Boycott Israel sign.
(photo credit: REUTERS)
Is discrimination worse when it’s overt or when it’s surreptitious? The United Methodist Church decided to take the surreptitious approach. They could have simply announced that their $20 billion pension fund will divest from Israel in support of the BDS (Boycott-Divest- Sanction) movement, which seeks the destruction of the Jewish state. But that would have rightly been viewed as discriminatory and perhaps anti-Semitic.
So instead they hide behind the “sustainable investing” approach, where investors seek social and environmental impact in addition to financial returns. The field has grown dramatically in recent years, both in assets under management, and influence in the business world. Unfortunately, this positive arena has been manipulated by the BDS movement over the past decade.
In announcing a new divestment strategy recently, the United Methodist Church weakly clings to an investing process that “highlights human rights-related risks that could potentially affect the value of investment assets.” As a result, they have divested from 39 companies operating in 14 countries: Central African Republic, Eritrea, Equatorial Guinea, Israel-Palestine, Morocco-Western Sahara, North Korea, Saudi Arabia, Somalia, Sudan, South Sudan, Syria, Turkey-Northern Cyprus, Turkmenistan, and Uzbekistan.
The Methodists claim their list of countries was based on Freedom House’s annual ranking of countries from “free” to “not free,” according to political rights and civil liberties.
Freedom House categorizes 51 countries as ‘not free,’ while the Methodists selectively chose only 14 countries for divestment. Of the 14 countries slated for divestment, all of them are rated ‘not free’ by Freedom House, except for Israel. The Methodist divestment list omits both China and Russia, despite the fact that both countries receive the poorest rating by Freedom House, and both are involved in territorial disputes.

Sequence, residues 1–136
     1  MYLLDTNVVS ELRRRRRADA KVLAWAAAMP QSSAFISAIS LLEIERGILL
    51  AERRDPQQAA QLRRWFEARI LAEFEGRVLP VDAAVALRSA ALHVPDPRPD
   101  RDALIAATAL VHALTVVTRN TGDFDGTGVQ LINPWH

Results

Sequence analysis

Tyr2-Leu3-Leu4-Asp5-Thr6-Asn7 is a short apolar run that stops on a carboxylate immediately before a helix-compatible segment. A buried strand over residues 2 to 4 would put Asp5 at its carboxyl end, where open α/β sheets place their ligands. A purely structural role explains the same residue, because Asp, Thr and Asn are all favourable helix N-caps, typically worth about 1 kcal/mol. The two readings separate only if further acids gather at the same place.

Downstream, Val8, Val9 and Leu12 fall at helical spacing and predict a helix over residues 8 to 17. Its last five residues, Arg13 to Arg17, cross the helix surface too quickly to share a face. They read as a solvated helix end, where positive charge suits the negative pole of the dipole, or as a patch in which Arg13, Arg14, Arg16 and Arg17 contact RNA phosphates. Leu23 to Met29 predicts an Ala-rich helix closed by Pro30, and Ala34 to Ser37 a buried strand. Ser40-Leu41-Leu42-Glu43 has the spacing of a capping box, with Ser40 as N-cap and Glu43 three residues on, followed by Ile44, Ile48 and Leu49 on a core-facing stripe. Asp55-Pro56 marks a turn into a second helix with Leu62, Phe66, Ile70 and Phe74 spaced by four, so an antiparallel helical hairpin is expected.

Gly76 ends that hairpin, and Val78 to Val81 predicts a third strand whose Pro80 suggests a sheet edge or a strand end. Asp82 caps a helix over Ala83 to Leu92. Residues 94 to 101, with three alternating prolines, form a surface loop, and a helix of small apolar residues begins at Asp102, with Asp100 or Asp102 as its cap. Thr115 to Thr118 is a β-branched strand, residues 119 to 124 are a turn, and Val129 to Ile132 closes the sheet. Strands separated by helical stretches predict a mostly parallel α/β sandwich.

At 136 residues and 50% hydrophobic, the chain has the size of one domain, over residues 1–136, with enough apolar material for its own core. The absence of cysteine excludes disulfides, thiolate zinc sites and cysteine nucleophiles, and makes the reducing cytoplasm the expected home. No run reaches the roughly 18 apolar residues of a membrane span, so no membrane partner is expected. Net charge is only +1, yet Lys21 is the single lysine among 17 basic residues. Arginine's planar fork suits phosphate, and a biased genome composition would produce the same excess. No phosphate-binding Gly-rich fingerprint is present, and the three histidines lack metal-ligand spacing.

Israel is on the Methodist list for divestment, even though the country received the highest “free” rating from Freedom House, and the only “free” rating in the Middle East. The West Bank and Gaza Strip receive a “not free” rating, with most of the blame in Freedom House’s analysis placed on the Palestinian Authority and Hamas. Nevertheless, on the list of specific companies selected for divestment, seven are Israeli and none are Palestinian.
So why is Israel included on the Methodist divestment list when many countries with far worse human rights ratings by Freedom House are excluded? And why is the list so arbitrary, intentionally avoiding countries like China and Russia? Because the Methodists are using a flawed sustainable investing process to disguise their support for a discriminatory campaign against Israel. The anti-Israel BDS movement has pressured the Methodist Church for years, and sadly they finally prevailed. In addition to betraying their own moral compass, the United Methodist Church has betrayed the sustainable investing field as well.
The Methodists claim that “avoiding such investments supports our commitment to sustainable investing, which we believe ultimately improves the performance of our investment funds.” While sustainable investing has been shown to produce strong financial returns in a number of studies, the Methodists’ politically motivated divestment has nothing to do with sustainable investing, and may damage their pension’s financial performance.
Sustainable investors that truly care about human rights seek investments with positive impact that enable social progress and peace. If the Methodists really cared about promoting peaceful coexistence, they would instead support economic cooperation and invest in Israeli-Palestinian joint ventures.
Rather than investing in peace, collaboration, and economic stability, the Methodists have selected an ugly path. The Israel divestment campaign is prejudiced and targets Israel alone in a two-sided dispute. Both Israelis and Palestinians play a role in the prolonged conflict, yet the Methodist Church decided to punish one party to the conflict while giving the other side a free pass. Over the past 10 years the BDS campaign has done nothing but exacerbate tensions, and create a new avenue for economic warfare instead of new avenues for cooperation.
The Methodists are viewed as leaders in the sustainable investing field. It’s tragic to see them wield power in such a reckless and prejudicial manner.
The writer is executive director of JLens (www.jlensnetwork.org) a network of Jewish values-based investors, and manages the JLens US Equity Investment Strategy.